RSPB Ouse Washes - 4 Things to Know Before Visiting
About RSPB Ouse Washes
The Ouse Washes form the largest area of washland in the UK. In winter it attracts thousands of ducks and whooper swans returning from Iceland, while the warmer spring months bring hundreds of snipe, lapwings, and redshanks to breed. The washlands were created 360 years ago to retain winter flood water from the Ouse and prevent it from flooding the valuable surrounding farmland, and it still performs this function today.
Hotels near RSPB Ouse Washes
Hotels to stay near RSPB Ouse Washes
Top Trips and Tours in England
Tours and activities in England that might be of interest to you
Attractions Near RSPB Ouse Washes
Oliver Cromwell's House
8.8km from RSPB Ouse Washes
The house where Oliver Cromwell and his family lived from 1636-1647 is an attractive half-timbered building that once served as the vicarage for nearby St Mary's Church. The house was built in the 13th century, and portions of that first structure survive in the east wing of the current house.
9.04km from RSPB Ouse Washes
A majestic cathedral that was best known for its magnificent Romanesque and Gothic cathedral. Its construction began in 1083, and today it's a fascinating place to learn about the region's history while marveling at the craftsmanship of the building itself. Its most notable feature is the central octagonal tower, with lantern above, which provides a unique internal space and, along with the West Tower, dominates the surrounding landscape.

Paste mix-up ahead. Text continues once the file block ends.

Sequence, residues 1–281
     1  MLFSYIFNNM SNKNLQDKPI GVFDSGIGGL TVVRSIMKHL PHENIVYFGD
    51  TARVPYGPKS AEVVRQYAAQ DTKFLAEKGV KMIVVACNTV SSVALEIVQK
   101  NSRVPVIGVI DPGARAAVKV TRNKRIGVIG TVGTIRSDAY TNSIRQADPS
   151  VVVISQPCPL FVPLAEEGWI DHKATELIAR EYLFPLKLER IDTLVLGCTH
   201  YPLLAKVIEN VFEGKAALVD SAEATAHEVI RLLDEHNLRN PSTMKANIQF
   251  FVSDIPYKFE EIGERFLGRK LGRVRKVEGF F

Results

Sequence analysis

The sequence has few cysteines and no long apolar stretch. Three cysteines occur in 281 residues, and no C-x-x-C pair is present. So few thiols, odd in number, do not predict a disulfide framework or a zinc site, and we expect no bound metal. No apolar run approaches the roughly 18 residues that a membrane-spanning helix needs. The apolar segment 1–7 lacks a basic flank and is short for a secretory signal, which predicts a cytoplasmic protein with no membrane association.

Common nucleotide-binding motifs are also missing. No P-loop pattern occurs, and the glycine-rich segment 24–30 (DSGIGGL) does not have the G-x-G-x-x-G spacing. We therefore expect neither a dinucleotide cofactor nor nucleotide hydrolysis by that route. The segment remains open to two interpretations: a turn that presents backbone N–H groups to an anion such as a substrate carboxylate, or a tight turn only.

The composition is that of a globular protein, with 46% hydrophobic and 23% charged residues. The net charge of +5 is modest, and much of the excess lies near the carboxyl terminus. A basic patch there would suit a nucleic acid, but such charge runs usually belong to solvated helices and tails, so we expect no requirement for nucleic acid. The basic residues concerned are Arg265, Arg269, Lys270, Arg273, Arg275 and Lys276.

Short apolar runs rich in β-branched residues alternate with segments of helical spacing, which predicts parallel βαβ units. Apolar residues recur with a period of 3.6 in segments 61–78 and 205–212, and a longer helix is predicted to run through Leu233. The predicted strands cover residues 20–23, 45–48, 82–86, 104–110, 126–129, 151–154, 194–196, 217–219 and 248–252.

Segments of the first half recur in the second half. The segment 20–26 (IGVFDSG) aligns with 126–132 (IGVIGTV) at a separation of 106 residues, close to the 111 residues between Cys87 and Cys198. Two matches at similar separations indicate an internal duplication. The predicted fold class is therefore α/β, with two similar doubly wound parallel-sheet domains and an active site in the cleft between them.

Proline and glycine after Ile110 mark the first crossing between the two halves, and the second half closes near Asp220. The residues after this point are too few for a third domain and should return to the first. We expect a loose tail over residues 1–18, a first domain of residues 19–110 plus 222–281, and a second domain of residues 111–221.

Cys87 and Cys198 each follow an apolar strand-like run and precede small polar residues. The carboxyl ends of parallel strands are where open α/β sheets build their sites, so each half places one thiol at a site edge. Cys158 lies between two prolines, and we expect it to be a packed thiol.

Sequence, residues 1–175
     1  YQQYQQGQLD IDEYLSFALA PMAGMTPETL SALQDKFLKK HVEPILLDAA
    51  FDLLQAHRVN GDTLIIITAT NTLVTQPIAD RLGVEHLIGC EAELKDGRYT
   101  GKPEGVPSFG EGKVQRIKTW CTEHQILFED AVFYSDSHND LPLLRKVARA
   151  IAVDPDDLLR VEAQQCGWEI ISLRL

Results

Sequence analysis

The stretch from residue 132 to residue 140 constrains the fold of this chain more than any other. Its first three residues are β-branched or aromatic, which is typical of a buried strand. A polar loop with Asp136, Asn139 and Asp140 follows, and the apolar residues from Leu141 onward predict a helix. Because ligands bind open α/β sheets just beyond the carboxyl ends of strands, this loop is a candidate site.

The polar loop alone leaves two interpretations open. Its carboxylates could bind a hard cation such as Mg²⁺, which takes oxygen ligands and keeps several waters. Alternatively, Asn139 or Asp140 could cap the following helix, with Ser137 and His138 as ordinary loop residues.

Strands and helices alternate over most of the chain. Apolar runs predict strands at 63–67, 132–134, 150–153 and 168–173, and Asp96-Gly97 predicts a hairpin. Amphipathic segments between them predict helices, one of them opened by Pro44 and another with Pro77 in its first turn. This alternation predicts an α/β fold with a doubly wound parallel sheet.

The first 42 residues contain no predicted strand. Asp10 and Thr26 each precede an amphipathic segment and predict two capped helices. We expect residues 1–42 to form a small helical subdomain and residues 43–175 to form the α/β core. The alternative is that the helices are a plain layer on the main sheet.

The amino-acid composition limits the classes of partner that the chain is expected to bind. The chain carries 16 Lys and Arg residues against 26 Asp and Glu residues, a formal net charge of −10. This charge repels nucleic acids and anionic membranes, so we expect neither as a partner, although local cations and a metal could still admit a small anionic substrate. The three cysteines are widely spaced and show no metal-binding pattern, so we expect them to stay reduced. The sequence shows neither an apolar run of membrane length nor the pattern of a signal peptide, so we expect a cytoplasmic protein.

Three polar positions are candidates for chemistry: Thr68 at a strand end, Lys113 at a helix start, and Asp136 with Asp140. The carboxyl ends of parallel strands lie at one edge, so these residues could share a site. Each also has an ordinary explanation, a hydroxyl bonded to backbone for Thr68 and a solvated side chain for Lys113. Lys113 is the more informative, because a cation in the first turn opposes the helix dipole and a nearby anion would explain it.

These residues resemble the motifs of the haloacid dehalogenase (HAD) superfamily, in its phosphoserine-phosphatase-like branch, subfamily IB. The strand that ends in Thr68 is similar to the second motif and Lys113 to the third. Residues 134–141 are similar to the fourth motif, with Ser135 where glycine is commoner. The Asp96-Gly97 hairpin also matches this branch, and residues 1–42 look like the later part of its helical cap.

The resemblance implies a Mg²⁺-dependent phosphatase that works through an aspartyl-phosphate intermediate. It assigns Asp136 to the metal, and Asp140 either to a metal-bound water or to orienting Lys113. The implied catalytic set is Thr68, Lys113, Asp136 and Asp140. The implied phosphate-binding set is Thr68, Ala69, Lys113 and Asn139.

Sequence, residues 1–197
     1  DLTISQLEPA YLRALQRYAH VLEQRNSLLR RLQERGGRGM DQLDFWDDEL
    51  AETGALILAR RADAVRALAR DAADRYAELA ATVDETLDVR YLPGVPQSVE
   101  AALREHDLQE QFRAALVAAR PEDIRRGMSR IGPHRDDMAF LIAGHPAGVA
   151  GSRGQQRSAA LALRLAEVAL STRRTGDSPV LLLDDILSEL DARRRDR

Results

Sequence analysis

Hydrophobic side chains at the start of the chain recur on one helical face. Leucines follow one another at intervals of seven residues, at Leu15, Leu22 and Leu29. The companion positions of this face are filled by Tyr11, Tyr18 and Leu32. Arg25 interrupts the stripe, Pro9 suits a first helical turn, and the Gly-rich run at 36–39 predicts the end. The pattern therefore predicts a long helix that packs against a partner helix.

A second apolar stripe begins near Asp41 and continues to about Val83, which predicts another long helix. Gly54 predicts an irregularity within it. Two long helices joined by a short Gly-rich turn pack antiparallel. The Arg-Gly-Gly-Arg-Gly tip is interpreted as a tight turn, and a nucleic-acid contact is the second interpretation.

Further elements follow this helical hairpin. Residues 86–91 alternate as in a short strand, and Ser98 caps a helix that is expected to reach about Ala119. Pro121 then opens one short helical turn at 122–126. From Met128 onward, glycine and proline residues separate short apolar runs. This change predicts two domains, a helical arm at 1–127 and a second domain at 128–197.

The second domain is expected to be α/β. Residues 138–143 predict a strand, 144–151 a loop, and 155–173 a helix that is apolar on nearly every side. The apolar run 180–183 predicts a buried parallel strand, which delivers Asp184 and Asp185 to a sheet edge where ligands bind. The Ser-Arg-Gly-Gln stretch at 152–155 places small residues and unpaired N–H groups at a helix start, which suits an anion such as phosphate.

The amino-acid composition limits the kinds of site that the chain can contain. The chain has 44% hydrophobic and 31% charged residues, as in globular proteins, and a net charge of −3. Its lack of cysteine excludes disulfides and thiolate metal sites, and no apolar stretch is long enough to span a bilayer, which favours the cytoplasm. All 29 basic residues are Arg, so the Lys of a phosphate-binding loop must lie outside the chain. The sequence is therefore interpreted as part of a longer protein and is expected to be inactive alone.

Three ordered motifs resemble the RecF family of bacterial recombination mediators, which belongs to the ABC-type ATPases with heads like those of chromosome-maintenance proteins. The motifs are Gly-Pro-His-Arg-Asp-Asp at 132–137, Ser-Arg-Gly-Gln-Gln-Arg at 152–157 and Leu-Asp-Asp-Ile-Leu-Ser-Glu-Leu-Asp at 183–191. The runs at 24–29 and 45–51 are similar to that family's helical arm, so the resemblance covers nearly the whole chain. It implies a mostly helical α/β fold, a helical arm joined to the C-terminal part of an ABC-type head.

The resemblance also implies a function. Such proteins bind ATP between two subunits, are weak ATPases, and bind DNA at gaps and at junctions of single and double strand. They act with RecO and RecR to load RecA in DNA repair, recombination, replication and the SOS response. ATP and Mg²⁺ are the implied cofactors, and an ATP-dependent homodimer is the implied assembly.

St Wendreda's Church
10.8km from RSPB Ouse Washes
St Wendreda’s Church is the only known church to be dedicated to the saint, an Anglo Saxon princess who lived in March during the 7th century and who dedicated most of her life to ministry and healing. It was one of the famous pilgrimage centers in this area and also attracts a lot of tourists.
Prickwillow Engine Museum
13.14km from RSPB Ouse Washes
One of the unique museums in this area, which tells the story of the drainage of the Fens, the history of the local area, and those doughty individuals who ran the drainage pumps in remote locations. The museum showcases some of the region's finest examples of restored diesel engines.
Denny Abbey and The Farmland Museum
17.68km from RSPB Ouse Washes
Denny Abbey has a unique and fascinating history, having been occupied at various times by three different monastic orders. Founded in 1159 as a Benedictine monastery, in 1170 it was taken over by the Knights Templars and used as a home for aged and infirm members of the order. Find out about farming in the past by visiting the farm buildings including a 17th-century threshing barn, explore the craft workshops, which include a wheelwright and blacksmith.
National Trust - Wicken Fen Nature Reserve
17.95km from RSPB Ouse Washes
Wicken Fen was the first nature reserve owned by the National Trust. Today it is one of Europe's most important wetlands home to over 9000 species. One of the nice trekking destinations and also The reserve includes fenland, farmland, marsh, and reedbeds. Wicken Fen is one of only four wild fens which still survive in the enormous Great Fen Basin area of East Anglia, where 99.9% of the former fens have now been replaced by arable cultivation.
Discover More Attractions in Cambridgeshire, Home of RSPB Ouse Washes
The Cambridgeshire Fens cover an area of around 200 square miles of extremely flat, mostly agricultural land, west of The Wash. Nestling between the cathedral city of Peterborough and the university town of Cambridge, Fenland makes an ideal destination for a short break all year round.